Prison sentence issued after data breach in automotive sector

A former motor industry employee has been sentenced to six months in prison for unlawfully accessing personal data.

Mustafa Kasim, who worked for accident repair firm Nationwide Accident Repair Services (NARS), used the Audatex system to access thousands of customer records containing personal data without permission. Using a colleagues’ log-in details he gained access to customers’ names, phone numbers, vehicle, accident information and estimated the cost of vehicle repairs. He continued to do this after he started a new job at a different car repair organisation which used the same software system.

Various comments have been released from a number of sources covering everything from the length of the sentence passed to the range of different elements of legislation involved. All worthwhile discussion points however, from a neutral view, some of the most surprising outcomes of this incident have not been addressed

  • Why were neither NARS nor Mr Kasim’s last
    employer enforced against?
  • Why didn’t the ICO rely upon the Data Protection
    Act 2018?
  • Where does this leave Retailers?

Well, our GDPR team have been analysing the findings and have supplied the following commentary:

Duncan Bembridge – ASE Head of GDPR

“One of the most surprising features of this incident is that,  after assessing the impact, nature and outcome of the incident, the ICO decided that the DPA 2018 was not the most appropriate or effective way of prosecuting given the nature and extent of the offending. What does this tell us?” We wouldn’t suggest this decision undermines or relates to a lack of confidence in the potential enforcement abilities the ICO have under GDPR. If anything, I would suggest it reinforces their commitment to protect businesses and individuals where personal data is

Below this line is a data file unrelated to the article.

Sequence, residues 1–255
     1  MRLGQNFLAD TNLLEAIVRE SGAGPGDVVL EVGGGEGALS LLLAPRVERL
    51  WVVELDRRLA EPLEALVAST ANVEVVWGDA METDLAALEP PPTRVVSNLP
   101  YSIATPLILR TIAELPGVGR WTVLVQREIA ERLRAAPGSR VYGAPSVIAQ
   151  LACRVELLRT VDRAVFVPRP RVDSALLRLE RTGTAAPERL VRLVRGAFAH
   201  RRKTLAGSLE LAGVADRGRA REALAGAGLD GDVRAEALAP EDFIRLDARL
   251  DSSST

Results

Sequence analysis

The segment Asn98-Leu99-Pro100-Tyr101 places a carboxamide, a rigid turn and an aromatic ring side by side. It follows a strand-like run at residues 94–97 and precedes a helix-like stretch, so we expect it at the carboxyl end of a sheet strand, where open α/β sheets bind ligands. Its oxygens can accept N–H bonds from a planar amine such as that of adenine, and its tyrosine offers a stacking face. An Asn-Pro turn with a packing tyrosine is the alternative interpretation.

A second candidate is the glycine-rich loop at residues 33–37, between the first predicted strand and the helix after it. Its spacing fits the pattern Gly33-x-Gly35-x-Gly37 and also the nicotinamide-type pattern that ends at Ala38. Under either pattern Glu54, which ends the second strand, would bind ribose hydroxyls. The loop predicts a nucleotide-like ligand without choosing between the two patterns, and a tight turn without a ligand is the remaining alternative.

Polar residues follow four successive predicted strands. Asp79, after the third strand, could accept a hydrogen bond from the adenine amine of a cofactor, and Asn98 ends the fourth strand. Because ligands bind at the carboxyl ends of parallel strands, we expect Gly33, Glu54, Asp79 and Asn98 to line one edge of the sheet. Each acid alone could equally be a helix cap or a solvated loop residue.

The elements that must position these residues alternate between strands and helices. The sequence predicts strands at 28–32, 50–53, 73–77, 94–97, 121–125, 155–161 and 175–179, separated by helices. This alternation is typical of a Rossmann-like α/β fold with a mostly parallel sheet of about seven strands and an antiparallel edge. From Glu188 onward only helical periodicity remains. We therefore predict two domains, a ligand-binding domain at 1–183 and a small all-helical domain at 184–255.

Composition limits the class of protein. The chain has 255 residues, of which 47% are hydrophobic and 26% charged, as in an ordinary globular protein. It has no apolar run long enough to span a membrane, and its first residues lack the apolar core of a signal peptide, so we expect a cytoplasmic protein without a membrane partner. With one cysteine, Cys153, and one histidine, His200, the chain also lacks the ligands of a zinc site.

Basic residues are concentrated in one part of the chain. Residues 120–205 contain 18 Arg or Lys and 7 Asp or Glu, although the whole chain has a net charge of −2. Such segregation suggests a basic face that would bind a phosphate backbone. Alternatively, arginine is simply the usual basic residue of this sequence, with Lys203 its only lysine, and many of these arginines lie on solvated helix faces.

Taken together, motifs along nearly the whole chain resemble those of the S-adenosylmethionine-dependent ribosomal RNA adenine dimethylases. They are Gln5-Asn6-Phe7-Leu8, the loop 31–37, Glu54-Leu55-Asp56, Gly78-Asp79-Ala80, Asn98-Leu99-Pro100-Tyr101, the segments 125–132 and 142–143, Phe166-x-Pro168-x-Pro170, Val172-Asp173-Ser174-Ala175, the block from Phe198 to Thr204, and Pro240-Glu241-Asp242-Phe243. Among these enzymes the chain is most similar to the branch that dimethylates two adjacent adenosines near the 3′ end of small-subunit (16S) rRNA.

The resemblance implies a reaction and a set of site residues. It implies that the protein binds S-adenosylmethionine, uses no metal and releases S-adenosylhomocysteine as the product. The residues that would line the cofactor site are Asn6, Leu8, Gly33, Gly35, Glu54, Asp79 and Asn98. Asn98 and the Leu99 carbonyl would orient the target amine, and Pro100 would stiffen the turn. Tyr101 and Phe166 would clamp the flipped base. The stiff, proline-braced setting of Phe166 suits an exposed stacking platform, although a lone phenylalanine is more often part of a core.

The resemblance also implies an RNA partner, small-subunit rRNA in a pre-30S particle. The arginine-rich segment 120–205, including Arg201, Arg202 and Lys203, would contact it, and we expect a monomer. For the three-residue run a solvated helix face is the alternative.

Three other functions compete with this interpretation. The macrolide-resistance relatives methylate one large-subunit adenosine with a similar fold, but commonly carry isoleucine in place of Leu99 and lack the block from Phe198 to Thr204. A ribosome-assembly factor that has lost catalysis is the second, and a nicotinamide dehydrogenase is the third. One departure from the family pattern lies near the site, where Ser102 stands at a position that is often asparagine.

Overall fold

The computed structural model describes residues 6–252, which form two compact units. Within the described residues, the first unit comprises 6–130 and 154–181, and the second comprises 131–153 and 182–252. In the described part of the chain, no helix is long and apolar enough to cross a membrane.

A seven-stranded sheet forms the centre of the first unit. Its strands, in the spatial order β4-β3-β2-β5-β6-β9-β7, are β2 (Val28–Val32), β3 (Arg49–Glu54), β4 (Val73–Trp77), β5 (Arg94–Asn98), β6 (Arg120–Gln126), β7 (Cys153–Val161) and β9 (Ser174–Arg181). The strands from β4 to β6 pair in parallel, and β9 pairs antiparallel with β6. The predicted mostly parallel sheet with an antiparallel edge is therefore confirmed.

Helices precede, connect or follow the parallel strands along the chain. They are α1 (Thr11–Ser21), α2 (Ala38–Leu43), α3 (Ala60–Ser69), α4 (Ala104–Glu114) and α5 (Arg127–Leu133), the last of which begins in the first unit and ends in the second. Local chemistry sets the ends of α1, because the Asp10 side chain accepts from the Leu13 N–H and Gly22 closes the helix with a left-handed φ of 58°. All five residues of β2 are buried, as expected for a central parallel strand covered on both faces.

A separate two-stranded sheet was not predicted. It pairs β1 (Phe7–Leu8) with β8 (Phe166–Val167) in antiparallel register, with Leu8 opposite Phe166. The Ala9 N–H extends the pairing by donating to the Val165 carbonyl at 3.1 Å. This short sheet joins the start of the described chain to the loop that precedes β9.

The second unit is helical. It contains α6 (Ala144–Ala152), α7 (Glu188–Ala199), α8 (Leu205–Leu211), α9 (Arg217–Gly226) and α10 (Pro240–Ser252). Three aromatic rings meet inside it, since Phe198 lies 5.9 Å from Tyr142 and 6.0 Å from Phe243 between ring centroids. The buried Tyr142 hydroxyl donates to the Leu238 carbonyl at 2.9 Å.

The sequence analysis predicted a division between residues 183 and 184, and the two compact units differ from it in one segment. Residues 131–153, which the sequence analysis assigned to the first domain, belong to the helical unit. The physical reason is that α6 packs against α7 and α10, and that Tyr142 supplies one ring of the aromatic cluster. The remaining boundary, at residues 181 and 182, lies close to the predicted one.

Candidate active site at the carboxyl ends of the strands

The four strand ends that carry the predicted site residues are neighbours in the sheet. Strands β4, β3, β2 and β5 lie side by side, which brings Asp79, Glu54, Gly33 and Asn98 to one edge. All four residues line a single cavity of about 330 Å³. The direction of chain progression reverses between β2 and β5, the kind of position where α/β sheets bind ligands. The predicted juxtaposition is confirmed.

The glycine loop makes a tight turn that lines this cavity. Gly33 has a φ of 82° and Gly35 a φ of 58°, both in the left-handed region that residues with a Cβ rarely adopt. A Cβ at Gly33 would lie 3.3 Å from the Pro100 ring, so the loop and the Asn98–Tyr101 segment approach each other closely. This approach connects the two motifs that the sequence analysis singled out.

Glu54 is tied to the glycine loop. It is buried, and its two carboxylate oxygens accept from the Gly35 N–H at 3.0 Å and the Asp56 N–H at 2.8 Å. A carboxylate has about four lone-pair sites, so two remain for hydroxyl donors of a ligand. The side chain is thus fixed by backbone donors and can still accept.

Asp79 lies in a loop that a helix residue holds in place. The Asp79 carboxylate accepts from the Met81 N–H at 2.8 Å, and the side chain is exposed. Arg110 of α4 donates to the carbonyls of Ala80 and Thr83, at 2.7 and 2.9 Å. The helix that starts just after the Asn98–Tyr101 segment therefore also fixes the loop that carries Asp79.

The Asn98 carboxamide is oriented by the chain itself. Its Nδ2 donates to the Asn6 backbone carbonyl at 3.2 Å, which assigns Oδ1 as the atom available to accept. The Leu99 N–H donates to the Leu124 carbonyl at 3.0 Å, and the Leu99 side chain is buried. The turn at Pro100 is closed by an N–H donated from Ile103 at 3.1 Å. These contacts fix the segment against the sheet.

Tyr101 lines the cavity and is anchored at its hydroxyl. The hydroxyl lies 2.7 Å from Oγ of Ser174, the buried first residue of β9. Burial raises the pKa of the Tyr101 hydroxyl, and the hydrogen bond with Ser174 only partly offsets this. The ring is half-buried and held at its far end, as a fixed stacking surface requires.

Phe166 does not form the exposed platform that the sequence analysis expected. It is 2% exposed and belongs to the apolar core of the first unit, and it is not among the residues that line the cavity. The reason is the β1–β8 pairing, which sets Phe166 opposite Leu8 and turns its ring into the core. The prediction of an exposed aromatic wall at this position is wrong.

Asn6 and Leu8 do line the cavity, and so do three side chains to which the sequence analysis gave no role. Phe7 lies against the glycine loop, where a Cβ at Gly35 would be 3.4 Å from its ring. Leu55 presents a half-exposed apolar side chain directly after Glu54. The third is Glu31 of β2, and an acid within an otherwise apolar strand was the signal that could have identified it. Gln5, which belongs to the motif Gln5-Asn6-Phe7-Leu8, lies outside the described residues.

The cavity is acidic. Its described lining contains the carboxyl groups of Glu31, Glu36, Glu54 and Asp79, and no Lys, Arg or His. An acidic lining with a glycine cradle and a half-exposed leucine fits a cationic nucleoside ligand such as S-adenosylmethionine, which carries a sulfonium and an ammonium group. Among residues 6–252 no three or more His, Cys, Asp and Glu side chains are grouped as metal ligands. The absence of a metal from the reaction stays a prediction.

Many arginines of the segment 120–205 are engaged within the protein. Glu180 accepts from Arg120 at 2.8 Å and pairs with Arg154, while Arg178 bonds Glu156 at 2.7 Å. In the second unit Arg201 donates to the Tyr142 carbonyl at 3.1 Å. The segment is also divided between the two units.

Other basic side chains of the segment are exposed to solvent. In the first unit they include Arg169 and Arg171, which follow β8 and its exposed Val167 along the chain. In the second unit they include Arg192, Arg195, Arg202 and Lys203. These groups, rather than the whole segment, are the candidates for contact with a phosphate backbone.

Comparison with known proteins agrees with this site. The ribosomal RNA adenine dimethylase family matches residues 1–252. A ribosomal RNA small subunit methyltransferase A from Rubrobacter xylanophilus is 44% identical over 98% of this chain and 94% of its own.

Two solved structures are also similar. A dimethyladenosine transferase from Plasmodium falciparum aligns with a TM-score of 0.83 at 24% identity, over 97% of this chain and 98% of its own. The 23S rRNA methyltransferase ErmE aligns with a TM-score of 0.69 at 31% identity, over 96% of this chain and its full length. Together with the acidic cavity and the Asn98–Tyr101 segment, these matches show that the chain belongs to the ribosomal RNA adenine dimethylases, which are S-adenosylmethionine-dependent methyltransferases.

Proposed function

unlawfully accessed and/or used, demonstrating that they will pursue the most vigorous penalties possible. This new, flexible approach shown by the ICO indicates a real step change on their part and suggests a more creative and robust enforcement body. This should give both the public and businesses confidence that the ICO will punish those who abuse customer’s personal data.”

 

Kevin Symm – ASE Data Protection & Compliance Officer

“The key question for Retailers as we perceive it is – how do we ensure none of our staff, if they move on, damage us in a similar way? Well, one point to make clear is that the ICO decided that only Mr Kasim’s actions warranted enforcement. Neither his current or former employer were considered liable for prosecution. However, what maysurprise some is that this is the second, very similar breach the NARS have suffered. On the other case, after ICO investigation, the employee pleaded guilty to unlawfully accessing customer data and was issued with a fine. When compared with Mr Kasim’s custodial sentence the difference is profound. Why is this? Well, we can obviously speculate on a number of issues, but you cannot ignore the recent headlines around GDPR and its enforcement in the UK. Some have perceived the recent £500,000 fine issued to Facebook as trivial. With this in mind I don’t believe it is that much of a leap to suggest the ICO have implemented a precedent whereby they can rely upon the Computer Misuse Act 1990 again in some high-profile, high-impact instances. From a retailer’s perspective, obviously, no one wants their GDPR compliance efforts to be prompted by ICO intervention after an incident or breach. So, how can Retailers progress their compliance efforts without taking much needed effort and resources away from their front-line activities?”